• In the cases of visiting a heritage site, attending an arts event, or visiting a museum, young people from BME and non-BME groups were found to have a similar probability of engaging in culture, while among older people those from a BME group were less likely to engage in culture. For example, older ethnic minorities were found to be around half as likely to attend arts events as older people not from ethnic minorities.
  • Households scoring ‘low’ on socio-economic measures were found to be 4 times less likely to engage in culture than those scoring high.
  • Females were found to be 3 times less likely to participate in sport than males.
  • Probability of participation in culture during adulthood is positively correlated with childhood participation levels.

While some of the trends highlighted in the study are familiar (and the subject of past research), the methodological approach taken by authors provides us with authoritative percentages and figures against known trends.

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Sport England Active People Survey analysis tool updated and ready to be interrogated!

For those who haven’t tried it yet, the Sport England Active People Diagnostic is a website for viewing and investigating the results of the Active People Survey: an annual survey which captures levels of participation in sport (and culture) amongst over 16s at local, regional and national geographies.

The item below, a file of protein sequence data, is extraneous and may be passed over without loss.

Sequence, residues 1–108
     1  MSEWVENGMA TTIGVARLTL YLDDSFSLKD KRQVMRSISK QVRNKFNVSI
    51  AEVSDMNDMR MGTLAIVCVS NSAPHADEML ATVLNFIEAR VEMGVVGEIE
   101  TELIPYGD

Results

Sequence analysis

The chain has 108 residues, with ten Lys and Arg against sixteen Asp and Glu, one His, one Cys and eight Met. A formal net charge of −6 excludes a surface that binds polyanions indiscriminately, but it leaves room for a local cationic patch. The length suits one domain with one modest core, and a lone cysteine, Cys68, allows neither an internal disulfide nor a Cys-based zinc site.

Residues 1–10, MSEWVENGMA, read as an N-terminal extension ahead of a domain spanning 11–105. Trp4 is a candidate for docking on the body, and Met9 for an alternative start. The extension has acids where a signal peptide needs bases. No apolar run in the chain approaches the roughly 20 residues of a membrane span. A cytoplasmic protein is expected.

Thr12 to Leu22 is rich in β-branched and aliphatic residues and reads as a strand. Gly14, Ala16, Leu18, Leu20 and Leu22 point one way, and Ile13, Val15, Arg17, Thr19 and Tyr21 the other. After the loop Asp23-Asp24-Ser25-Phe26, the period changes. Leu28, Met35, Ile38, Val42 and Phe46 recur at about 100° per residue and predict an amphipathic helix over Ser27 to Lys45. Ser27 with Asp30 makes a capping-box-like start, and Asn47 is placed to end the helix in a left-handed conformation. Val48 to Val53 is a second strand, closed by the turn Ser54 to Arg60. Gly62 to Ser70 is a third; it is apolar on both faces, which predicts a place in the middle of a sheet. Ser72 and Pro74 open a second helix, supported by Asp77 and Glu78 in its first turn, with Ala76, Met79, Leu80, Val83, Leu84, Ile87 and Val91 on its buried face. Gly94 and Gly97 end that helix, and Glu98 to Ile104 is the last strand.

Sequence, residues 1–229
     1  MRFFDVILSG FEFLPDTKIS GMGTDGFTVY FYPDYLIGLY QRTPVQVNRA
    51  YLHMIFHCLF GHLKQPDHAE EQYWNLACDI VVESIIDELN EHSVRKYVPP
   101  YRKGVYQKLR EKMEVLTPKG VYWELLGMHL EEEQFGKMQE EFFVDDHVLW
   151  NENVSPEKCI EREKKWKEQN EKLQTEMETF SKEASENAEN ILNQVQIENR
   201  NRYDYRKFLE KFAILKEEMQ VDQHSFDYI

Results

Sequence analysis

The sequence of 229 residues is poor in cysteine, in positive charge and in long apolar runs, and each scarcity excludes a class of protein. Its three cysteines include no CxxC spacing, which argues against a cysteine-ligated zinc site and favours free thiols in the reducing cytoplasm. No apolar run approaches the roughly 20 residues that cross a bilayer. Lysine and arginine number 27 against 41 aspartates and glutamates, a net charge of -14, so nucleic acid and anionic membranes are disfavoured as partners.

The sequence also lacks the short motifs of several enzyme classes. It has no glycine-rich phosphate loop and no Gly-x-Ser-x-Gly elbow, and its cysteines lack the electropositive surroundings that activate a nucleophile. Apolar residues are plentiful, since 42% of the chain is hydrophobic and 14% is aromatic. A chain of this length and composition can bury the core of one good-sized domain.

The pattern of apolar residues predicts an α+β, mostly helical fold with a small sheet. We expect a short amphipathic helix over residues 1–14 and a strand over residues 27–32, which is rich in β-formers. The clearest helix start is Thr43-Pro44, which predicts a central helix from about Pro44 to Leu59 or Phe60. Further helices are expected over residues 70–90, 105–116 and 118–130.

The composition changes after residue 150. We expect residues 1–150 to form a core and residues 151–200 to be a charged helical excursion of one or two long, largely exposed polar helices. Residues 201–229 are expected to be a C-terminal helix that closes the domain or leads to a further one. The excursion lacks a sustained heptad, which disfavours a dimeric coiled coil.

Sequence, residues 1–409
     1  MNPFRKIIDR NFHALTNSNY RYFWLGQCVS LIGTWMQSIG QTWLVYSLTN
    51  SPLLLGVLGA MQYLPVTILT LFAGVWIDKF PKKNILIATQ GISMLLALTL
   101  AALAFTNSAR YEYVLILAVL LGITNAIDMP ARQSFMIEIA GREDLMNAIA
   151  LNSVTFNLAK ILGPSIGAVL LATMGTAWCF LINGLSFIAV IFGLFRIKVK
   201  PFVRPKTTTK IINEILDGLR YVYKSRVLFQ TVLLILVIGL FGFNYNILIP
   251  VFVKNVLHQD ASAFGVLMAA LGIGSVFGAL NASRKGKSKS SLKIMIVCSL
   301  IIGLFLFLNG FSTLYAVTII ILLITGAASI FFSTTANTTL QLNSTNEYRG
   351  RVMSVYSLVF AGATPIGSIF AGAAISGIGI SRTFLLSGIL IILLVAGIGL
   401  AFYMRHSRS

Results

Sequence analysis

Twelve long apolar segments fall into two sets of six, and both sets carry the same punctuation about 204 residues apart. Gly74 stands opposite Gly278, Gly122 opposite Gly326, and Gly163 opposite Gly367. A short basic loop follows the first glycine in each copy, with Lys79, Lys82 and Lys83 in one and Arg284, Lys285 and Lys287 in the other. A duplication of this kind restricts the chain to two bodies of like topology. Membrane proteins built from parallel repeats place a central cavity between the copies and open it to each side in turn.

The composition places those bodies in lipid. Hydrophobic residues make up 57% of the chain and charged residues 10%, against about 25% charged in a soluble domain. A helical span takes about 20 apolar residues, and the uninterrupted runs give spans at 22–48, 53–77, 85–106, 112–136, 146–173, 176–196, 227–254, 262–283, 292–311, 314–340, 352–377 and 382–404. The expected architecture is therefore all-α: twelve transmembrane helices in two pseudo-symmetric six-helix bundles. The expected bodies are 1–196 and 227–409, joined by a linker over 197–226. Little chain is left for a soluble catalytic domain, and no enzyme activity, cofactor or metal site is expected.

The tool has recently been updated to include Active People Survey 3 (2008/09) data, which means is it possible to run analyses comparing sports participation trends over time (since 2005/06).

It’s worth noting that it’s also now possible to access the results of the (non-sport) cultural national indicators — NI 9 (library participation), NI 10 (museum/gallery participation) and NI 11 (art participation) — via the tool for the year 2008, but, as yet, the tool does not contain comparative data for these cultural indicators.